Thursday, February 14, 2008

Rush Limbaugh On The Media, McCain And Talk Radio

Rush Limbaugh did something very rare for him - aninterview with the dinosaur media.

Here, in a piece in TIME Magazine, he lays out his thoughts on the media, the impending campaign between John McCain and Hillary Clinton or Barack Obama, and conservatism and its direction...a worthy read by a man who. regardless of whether you agree with him or not is a major thinker on politics and political philosophy. An dsomeone whom I've found to be almost uncanny in his ability to forecast the political future. Here are a few nuggets:

TIME: So I understand from listening to your show yesterday
that your attacks against John McCain were all part of a secret plan. You are making yourself John McCain's biggest helper by attacking him.

LIMBAUGH: Well, it's not a secret plan. Look it, I've
been fascinated, honestly Jay, with the attention paid to me by people who really have not undertaken to understand how I succeed, how I define my success.

I don't define my success by who wins elections, because politicians are going to come and go, and I'm going to be around as long as I choose to be. It just amazes me. So I thought I'd have some fun with this since there seems to be a narrative and a template in a lot of the media about talk radio and me in particular. I thought I'd throw a curve ball out there yesterday. And there is some truth to it, by the way. I do think if I really came out fervently, and passionately endorsed McCain, some of the independents and Democrats who were thinking about voting for him might be dissuaded by it simply because they have such a virulent dislike for me. But I threw it out just to have fun with all this, which is my primary objective every day.

TIME:Is there anything John McCain can do to persuade you he's acceptable?

LIMBAUGH:I don't think he should even try. He's got to
be who he is. I don't think he needs to reach out. His job is not to be
acceptable to a single person. I'm not sitting here demanding that. I don't have that kind of sense of power or existence.{..}

You know, when it comes down to a general election — looks like it's going to be Obama versus McCain — any number of ways of playing this, and one of them, I don't necessarily have to tout McCain, but I certainly will be critical of Obama. Once we get down to the general, you start examining what this guy's policies are. Right now [Obama is] saying nothing better than anybody has ever said it. At least in my lifetime. It's going have to get specific at some point.

I said this on the radio yesterday. I really do take all this seriously in terms of the future of the country and where we're headed. And liberalism to me, based on its history, portends disastrous things for the future of the country. I think liberals in a political sense need to be defeated, not accommodated, not reached across the aisle and hugged, not walked across the aisle and accommodate them and bring them in. And I certainly don't want the Republican Party to be redefined by becoming victorious on the basis of a bunch of liberal Democrats being attracted to the party as liberal Democrats. I'd love to have them if they are converted to our side. But we're missing genuine conservative leadership, so that's not going to happen.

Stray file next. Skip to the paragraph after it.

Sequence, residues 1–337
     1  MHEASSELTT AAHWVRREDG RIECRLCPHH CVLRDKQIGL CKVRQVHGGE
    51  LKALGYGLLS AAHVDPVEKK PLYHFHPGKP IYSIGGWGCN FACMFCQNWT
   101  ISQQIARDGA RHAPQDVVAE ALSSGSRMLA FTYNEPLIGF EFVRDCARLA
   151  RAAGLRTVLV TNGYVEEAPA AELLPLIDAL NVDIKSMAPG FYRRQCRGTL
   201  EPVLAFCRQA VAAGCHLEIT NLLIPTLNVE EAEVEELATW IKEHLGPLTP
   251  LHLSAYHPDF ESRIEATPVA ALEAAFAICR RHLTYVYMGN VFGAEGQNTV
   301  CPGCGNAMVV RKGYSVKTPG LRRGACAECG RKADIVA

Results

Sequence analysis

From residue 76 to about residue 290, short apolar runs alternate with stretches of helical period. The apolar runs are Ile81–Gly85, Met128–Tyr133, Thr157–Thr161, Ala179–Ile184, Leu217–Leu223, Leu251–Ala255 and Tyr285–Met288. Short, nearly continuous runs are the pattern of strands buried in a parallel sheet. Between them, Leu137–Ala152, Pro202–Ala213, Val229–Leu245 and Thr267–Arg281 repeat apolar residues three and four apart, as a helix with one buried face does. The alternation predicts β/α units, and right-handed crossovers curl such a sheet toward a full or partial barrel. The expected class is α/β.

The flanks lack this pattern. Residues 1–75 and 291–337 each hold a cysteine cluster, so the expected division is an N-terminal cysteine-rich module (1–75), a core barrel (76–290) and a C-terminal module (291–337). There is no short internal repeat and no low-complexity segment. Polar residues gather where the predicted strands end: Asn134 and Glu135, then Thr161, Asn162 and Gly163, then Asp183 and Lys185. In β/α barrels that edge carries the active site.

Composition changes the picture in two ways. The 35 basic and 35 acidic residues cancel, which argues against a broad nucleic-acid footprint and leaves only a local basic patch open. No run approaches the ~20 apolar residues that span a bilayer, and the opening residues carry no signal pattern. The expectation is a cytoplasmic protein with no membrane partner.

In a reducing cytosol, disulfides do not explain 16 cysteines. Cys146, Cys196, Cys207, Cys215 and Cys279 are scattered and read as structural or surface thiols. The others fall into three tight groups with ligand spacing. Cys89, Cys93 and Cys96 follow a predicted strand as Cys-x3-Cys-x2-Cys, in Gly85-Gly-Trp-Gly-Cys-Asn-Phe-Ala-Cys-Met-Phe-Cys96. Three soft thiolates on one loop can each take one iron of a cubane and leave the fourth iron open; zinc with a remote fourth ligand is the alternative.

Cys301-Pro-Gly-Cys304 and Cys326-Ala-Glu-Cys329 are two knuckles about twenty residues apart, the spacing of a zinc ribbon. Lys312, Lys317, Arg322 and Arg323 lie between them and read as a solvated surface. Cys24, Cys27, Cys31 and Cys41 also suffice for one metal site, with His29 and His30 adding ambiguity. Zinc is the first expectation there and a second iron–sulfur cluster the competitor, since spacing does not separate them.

TIME:You'll be critical of the Democratic nominee. Will you continue to hold McCain's feet to the fire as this goes forward?

LIMBAUGH:Well, probably. But it's not personal. I firmly believe that conservatism — genuinely articulated, passionately articulated — wins in national elections most every time it's tried. I tell people, 'Go back to the eighties.' Ronald Reagan did not have talk radio or an alternative media supporting him. What was he down — in the House of Representatives — the Democrat margin then was what, 130 seats or something? And they [the Republicans] were led by a guy named Bob Michel whose objective every day was to make sure he was invited to play golf with Democrat leaders. And [Reagan] didn't have the Senate for most of his eight [years]. Look what he did. He got his tax cuts through — a number of things. It can be done. We're dealing, I think, with Pelosi and Reid, two of the most incompetent, ineffective Democrat leaders in my lifetime. Now the idea that we conservatives cannot go beat these people without having some of them join us as who they are — it offends the hell out of me. Conservatism, if you look at Reagan, that kind of leadership, it can happen. And so, yeah, I would love to try to be a force, of seeing to it that that's part of a national Republican campaign — absolutely.

Read the whole thing at the link above.


Anonymous said...

The only reason Rush Limbaugh was asked about his hatred for McCain is because he along with other Right-Wing talkers all claim that they command a huge flock of voting Conservative "ditto-heads," or whatever they call their listeners, but the facts shown by our actual electoral process reveal that these talkshow pundits, with their brains "on loan from God," have very little influence whatsoever. Or maybe their listeners forgot to vote.

Freedom Fighter said...

Dear Rance,
You obviously didn't read the interview and have never listened to Rush Limbaugh on the air.

You should try it some time,withan open mind if possible.You might surprise yourself by finding out that some of your impressions are erroneous.

Unlike Air America, most talk radio shows that have any success ( and Limbaugh in particular) get their energy not from being an echo chamber but from a forceful debate on the issues. The entire meme is independent thinking, which is one reason that the talk radio format has been so mostly unsuccessful on the Left side of the spectrum.